All dolphins are carnivores, eating fish and squid. Different species of dolphins focus on different foods and they have a variety of hunting styles. Some dolphins eat crustaceans such as lobsters, shrimp and crabs while some eat octopus and cuttlefish. Researchers are mystified about why dolphins sometimes kill their own calves and also porpoises in the Atlantic Ocean.
Dolphins find food with their sense of sight and more importantly, with their sense of hearing. Dolphins can emit sound waves that return an echo vibration from their prey, an ability called echolocation. Echolocation provides information such as the object's size, shape, speed and which direction it is going. This information cannot always be obtained with vision in the dark waters of the deep ocean. In addition, the dolphin's auditory nerve, the mechanism connecting the inner ear to the brain stem, is about twice as wide as a human's auditory nerve. This results in speedier processing of sounds, essential in the dolphin's search for moving fish. Sound also travels further in water than in air and over four times faster as well, which assists dolphins in their skill as hunters.
There are 32 species of dolphins, of which the bottlenose is the most recognized. Dolphins are part of the mammalian order cetaceans, which also includes whales and porpoises. Different species have particular hunting styles and a variety of diets. Dolphins with long snouts and many teeth mainly target fish, while dolphins with short snouts and fewer teeth are more likely to go after invertebrates. Although some dolphins have a large number of teeth, they still typically swallow fish whole.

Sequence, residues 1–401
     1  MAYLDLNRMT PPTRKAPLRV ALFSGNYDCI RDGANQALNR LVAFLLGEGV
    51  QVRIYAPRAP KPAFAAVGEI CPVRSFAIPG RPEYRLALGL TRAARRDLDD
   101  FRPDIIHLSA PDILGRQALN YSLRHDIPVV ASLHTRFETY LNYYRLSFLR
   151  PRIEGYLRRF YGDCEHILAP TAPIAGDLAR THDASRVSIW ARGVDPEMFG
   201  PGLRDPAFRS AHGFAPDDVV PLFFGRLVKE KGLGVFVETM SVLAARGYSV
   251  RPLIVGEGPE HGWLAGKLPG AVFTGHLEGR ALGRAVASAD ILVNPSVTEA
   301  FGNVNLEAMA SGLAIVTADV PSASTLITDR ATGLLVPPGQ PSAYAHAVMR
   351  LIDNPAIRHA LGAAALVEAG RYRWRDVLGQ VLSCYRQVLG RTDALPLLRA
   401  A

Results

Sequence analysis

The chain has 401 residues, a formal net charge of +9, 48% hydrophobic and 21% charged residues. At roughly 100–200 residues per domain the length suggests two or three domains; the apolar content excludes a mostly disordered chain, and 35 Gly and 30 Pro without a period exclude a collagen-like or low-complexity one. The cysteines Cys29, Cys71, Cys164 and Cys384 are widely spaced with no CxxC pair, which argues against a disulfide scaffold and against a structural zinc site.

Types of hunting include pods of dolphins herding a school of fish for easier pickings, foraging in the sea bed or emitting very loud clicks at fish that essentially stuns them with a sonar wave. Sometimes, dolphins chase fish to shallow water or even up onto banks for easy capture. A dolphin can stun or kill a large fish by hitting it with its tail.
Researchers studying dolphins off the coast of Scotland have been trying to figure out why dolphins have been killing porpoises there for at least the past 20 years. Typically, dolphins and porpoises do not eat the same types of fish, but scientists think that food rivalry might be a reason. Scientists also have theorized that maybe the porpoises were viewed as threatening to juvenile dolphins.
Some researchers also have witnessed adult bottlenose dolphins killing baby dolphins. The scientists have speculated that male dolphins may be destroying the offspring of rivals, in order to create more mating opportunities. Females that are tending calves stay sexually inactive for several years and so are unavailable to mate. Although infanticide is common in nature, this has apparently been the first evidence of the behavior among cetaceans. A group of researchers from universities in Virginia and North Carolina are also studying instances of dolphin infanticide along the United States Atlantic coast. Researches think it is significant that the dolphin calves and the porpoises are about the same size.
About the Author
Shelley Moore is a journalist and award-winning short-story writer. She specializes in writing about personal development, health, careers and personal finance. Moore has been published in "Family Circle" magazine and the "Milwaukee Sentinel" newspaper, along with numerous other national and regional magazines, daily and weekly newspapers and corporate publications. She has a Bachelor of Science in psychology.